Sharing Her Pain: How Tonia Nneji’s Physical Suffering Powers Her Work

The Nigerian artist speaks to an online community of women in pain as her paintings channel her experience of chronic illness.

Tonia Nneji, Portrait of the Listeners, 2020. Courtesy the artist

I really bare it all. I don’t believe in hiding anything,” artist Tonia Nneji says of her work. She is partly referring to the semi-clad subjects in her paintings, but also to the way she has deals openly with her experiences of chronic illness. Alongside posting pictures of her paintings, Nneji often candidly discusses her health issues on Instagram, from the symptoms of her polycystic ovary syndrome (a medical condition that causes an imbalance of reproductive hormones among women, as well as insomnia, weight gain and depression) to the effective solutions she has found over the years. For Nneji, artistic work and illness are inextricably linked: she sets out to represent and reach out to a community of women forced to be silent about their trauma and pain, hoping to break what she has called out as a culture of suppression and shame for women.

After her diagnosis, Nneji believed she might never lead a ‘normal life’ as a woman. However the community she found online brought her hope, and some of her paintings in turn seek to pay tribute to that community. In Portrait of a Cyster, a self-portrait that sees the artist’s solitary figure in sombre blue hues posed atop a swathe of brightly coloured fabrics, she communicates her own suffering and the support she has found through sisterhood and sharing.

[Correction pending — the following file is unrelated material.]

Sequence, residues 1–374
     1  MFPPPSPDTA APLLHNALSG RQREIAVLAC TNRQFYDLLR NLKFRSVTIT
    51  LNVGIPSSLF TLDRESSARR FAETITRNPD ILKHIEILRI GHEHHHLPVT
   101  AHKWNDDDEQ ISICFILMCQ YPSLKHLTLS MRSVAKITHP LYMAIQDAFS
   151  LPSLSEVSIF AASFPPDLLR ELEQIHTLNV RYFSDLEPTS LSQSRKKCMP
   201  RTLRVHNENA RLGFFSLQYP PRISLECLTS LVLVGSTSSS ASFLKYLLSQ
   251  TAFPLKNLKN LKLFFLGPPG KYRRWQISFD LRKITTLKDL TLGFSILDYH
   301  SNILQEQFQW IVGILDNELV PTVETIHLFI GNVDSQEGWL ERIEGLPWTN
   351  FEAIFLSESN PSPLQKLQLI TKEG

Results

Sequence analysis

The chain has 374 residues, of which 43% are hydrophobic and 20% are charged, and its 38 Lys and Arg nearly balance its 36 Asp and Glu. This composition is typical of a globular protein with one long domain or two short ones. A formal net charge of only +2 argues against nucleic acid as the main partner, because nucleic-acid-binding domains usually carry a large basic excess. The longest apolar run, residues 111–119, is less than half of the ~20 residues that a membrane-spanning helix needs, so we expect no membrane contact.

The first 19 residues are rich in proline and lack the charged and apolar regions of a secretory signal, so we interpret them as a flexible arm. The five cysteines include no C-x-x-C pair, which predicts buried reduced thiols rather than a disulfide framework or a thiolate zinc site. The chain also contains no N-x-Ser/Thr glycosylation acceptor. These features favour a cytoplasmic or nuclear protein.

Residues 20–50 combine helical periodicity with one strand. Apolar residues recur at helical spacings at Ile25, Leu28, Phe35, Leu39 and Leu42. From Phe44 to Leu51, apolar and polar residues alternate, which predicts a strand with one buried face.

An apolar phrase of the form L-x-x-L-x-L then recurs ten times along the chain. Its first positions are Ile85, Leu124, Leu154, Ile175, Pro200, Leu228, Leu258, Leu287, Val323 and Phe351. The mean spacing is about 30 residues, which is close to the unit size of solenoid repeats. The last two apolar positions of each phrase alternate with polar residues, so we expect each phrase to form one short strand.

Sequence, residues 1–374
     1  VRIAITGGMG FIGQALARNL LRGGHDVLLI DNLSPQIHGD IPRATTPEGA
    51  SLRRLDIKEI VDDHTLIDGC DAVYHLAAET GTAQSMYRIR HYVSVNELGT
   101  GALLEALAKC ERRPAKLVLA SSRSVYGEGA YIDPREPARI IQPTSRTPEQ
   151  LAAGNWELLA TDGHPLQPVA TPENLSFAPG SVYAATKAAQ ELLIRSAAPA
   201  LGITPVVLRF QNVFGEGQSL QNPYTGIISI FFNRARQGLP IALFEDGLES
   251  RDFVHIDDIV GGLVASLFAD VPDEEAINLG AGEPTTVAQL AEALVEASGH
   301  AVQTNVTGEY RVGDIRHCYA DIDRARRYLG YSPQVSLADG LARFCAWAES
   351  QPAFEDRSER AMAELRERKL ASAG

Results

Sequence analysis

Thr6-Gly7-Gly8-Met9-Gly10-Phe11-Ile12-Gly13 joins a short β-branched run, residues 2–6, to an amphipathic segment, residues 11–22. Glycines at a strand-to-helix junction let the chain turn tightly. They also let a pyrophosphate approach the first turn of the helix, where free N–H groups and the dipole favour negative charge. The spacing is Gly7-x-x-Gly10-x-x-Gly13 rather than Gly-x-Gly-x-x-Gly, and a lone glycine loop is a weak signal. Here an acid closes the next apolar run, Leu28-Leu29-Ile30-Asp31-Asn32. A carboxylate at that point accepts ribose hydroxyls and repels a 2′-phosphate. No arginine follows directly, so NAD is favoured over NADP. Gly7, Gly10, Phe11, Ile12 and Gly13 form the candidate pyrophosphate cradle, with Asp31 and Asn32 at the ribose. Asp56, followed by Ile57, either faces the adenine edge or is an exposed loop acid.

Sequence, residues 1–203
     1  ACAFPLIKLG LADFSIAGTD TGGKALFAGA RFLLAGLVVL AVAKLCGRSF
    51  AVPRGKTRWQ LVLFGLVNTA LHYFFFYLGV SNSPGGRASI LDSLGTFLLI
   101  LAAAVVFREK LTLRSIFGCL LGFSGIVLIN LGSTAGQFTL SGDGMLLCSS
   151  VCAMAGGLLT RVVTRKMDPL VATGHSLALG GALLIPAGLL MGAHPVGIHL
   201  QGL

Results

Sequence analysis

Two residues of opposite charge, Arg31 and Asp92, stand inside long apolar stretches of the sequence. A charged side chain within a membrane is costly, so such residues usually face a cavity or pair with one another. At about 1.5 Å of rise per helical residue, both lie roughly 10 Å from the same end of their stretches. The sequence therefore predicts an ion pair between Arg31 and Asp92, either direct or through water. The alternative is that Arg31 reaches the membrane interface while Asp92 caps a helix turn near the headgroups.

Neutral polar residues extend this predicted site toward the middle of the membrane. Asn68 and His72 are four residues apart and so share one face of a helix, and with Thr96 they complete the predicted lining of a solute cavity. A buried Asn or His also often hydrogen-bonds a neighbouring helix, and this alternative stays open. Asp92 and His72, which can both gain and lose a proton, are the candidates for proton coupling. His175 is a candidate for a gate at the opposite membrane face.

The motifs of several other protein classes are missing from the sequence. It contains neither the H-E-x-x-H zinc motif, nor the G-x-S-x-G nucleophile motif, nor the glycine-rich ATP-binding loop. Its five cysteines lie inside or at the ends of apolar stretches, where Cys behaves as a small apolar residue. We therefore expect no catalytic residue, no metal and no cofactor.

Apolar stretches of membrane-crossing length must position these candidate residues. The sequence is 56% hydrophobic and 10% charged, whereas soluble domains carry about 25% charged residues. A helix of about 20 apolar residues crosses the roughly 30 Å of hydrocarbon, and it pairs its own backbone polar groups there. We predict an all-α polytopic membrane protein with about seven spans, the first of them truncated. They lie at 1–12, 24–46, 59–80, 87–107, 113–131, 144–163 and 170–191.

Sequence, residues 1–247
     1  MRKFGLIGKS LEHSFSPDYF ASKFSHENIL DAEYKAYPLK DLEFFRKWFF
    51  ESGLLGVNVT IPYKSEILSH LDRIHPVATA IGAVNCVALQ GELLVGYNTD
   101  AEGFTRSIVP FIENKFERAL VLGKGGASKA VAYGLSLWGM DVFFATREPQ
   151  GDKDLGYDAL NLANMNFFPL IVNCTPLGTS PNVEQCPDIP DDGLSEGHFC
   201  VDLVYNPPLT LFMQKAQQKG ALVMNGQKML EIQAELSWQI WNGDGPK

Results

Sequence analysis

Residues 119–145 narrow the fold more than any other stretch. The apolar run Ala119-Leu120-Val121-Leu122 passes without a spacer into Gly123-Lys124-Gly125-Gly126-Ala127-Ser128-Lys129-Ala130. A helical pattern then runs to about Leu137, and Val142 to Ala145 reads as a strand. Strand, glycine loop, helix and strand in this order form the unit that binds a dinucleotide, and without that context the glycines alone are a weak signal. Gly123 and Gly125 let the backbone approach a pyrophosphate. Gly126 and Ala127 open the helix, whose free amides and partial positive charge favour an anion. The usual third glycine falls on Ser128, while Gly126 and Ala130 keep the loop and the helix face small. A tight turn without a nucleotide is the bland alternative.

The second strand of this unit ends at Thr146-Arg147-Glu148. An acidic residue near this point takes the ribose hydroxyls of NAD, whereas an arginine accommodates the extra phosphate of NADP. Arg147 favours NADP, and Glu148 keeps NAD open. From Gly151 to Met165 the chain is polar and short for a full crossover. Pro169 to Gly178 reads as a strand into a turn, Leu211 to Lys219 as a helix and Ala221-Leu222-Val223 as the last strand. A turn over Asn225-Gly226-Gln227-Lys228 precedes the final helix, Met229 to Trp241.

“The images I paint are planned and exact. None of it is imagined or accidental”

In her 2020 exhibition You May Enter at Rele Gallery in Lagos, Nneji presented paintings in her signature blue acrylic, with trademark featureless figures, exploring another way in which she has sought help. While her figures’ expressions are blank (an ambivalent gesture that makes these women both everywomen but also invisible, overlooked), Nneji projects a feeling of intimacy, using richly detailed, prismatic ankara fabrics to tell stories about her search for solace.

Motifs on these textiles signal the names of local churches and other religious houses that Nneji visited in Lagos in search of solace. They are places she was initially reluctant to go to “but there’s always someone who cares about you and wants to take you to some church, hoping it will help your pain—it’s an African kind of faith,” Nneji explains. In the double portrait, A Dust Memory (A Trip to See Pastor Matthew in Ago—Hausa, Ajegunle, Lagos) the fabrics that cover the figures reference Kwara Baptist Conference and Women’s Missionary Union, both places the artist has visited in search of alternative therapies and treatments.

Nneji’s use of ankara (the Dutch wax fabrics decorated with African motifs that form part of everyday life in Nigeria) has a particular personal resonance for the artist. “When I have my episodes, I am completely naked. It is my mother who covers me with fabric,” she explains. Ankara is intertwined with Nneji’s healing: her mother once had to sell her own collection of fabrics in order to cover medical bills. This is a sacrifice Nneji recognises specifically in her work, directly referencing the patterns and prints of these lost fabrics as a way to preserve them. “The images I paint are planned and exact,” she says. “None of it is imagined or accidental.”